Colorado not seeing a spike in COVID-19 cases
With dramatic spikes in COVID cases across the country, Colorado remains a few short steps ahead of the virus -- but those gains could easily be reversed, health officials warn.
Colorado remains among the states not seeing a significant rise in cases, even as more businesses reopen, with
the latest to do so in June. The state's three-day moving average, even with an uptick last week, remains well below numbers from late March through May, and dropped again below 200 Sunday after climbing above it the previous four days.
Deaths among COVID cases continue to fall, with no deaths reported June 18, 19 and 21. Hospitalizations and ventilator use remain well under the state's mid-April peak.
"We've come a long way since the pandemic first started," said Kimberly Pattison, the communicable disease program manager for the El Paso County Health Department.
However, there are some cautionary signs that Colorado could lose ground with a few missteps. The Denver Post reports that last week is the first week since late April to see cases rise. Boulder County reported its largest spike in cases since March, with the student parties taking a large share of the blame, and El Paso County
among staff at a summer camp that had been planning to open next month.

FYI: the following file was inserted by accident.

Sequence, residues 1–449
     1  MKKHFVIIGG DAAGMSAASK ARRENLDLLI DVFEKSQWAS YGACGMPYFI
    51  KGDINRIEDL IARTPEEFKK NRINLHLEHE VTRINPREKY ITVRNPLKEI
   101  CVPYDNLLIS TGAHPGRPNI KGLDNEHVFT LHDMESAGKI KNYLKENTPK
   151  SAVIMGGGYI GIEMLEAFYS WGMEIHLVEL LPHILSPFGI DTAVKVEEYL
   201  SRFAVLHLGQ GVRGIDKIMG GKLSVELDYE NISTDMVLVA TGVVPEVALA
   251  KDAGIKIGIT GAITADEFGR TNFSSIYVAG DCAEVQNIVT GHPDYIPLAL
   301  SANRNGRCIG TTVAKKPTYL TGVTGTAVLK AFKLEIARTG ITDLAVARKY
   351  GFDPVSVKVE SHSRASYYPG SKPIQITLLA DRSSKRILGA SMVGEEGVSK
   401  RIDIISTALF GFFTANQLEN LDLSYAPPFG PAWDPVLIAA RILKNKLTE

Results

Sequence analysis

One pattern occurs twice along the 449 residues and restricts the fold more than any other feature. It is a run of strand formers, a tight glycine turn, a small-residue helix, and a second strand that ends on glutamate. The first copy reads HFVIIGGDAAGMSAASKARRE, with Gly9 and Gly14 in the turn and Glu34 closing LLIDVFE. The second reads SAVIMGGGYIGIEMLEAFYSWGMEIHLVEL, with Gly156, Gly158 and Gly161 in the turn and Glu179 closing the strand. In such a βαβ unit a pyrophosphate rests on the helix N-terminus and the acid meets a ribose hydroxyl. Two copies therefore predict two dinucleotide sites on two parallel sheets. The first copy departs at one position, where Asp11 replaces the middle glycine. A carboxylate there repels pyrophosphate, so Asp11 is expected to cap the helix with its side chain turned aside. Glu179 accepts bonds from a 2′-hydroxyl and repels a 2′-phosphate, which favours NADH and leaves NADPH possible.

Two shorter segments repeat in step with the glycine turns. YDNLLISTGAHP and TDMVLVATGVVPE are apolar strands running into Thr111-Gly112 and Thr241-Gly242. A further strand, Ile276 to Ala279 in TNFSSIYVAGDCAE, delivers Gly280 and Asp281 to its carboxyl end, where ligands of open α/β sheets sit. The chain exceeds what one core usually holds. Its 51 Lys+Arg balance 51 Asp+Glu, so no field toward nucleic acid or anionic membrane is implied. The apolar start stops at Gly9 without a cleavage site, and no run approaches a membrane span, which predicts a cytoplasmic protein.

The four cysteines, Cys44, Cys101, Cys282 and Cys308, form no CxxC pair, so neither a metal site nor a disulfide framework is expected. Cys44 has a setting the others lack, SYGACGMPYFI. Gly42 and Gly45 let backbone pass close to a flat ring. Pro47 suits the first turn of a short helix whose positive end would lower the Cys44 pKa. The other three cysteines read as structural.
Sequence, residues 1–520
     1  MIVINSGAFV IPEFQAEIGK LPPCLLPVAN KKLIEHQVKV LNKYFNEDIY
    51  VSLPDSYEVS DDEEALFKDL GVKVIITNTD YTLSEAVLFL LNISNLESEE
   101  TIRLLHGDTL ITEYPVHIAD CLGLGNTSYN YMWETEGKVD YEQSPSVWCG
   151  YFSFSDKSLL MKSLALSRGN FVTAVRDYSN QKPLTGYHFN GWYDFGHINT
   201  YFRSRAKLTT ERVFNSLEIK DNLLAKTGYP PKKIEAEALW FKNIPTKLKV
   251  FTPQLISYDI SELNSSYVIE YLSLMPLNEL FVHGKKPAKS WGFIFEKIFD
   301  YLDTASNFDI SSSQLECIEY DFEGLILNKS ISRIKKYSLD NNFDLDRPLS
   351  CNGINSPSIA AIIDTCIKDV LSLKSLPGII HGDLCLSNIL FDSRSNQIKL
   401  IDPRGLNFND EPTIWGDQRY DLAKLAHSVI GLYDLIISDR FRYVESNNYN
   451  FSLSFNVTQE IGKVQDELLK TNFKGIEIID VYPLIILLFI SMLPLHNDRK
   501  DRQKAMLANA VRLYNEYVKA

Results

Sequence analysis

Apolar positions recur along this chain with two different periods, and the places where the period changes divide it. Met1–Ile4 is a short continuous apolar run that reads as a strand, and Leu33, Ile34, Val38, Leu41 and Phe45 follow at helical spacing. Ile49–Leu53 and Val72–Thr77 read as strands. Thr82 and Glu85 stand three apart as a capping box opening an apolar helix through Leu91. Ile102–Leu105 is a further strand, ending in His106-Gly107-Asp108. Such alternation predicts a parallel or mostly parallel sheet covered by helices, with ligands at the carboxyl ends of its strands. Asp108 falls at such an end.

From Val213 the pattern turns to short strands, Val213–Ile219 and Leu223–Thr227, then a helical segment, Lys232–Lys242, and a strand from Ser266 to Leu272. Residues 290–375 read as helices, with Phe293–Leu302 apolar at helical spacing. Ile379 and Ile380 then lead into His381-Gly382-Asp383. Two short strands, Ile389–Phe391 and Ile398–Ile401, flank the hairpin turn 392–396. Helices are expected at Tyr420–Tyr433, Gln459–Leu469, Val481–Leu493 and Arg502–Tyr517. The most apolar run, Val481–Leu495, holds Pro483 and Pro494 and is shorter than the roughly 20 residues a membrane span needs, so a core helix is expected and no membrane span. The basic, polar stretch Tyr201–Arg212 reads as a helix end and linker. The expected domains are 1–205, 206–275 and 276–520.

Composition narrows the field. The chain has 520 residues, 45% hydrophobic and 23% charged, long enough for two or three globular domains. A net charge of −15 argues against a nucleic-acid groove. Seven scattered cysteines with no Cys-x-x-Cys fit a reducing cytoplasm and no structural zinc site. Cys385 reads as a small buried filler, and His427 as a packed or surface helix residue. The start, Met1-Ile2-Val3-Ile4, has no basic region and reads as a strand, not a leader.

Over the weekend, Gov. Jared Polis extended the state's emergency declaration in response to the uptick in cases.
"Coloradans have done a great job wearing masks when leaving the house, staying physically distant from others, and washing our hands, but we are only a few short steps ahead of the virus and we need to do better. The data is now starting to show a reversal of some of our gains; the three-day moving average for cases is now going up in our state,” Polis said Saturday. "This emergency extension helps Colorado further support our response efforts and remain prepared in the face of this global pandemic. I encourage all Coloradans to stay vigilant and we will get through this together.”
He also signed a spate of coronavirus relief bills Monday designed to allocate funds for those who need help, including food pantry assistance and support for small businesses.
For now, Pattison says the situation remains manageable in El Paso County, which averaged 22 new cases a day last week.
"We definitely still have COVID-19 with us, and it’s still very important for us to be taking those prevention measures. ... With Safer at Home, we have seen an increase in cases, and we've seen an increase in the number of contacts per case, but we've also been able to match that with the capacity of our health department to respond quickly to those cases, and the capacity of our hospitals to be taking good care of those patients."
She and other county and state health officials urge the public to continue wearing masks, practicing social distancing and practicing good hygiene.
"We haven’t gotten to the finish line yet," Pattison warned. "There’s still a long way to go before we can say that there’s not as high of a risk for COVID-19 in the community.”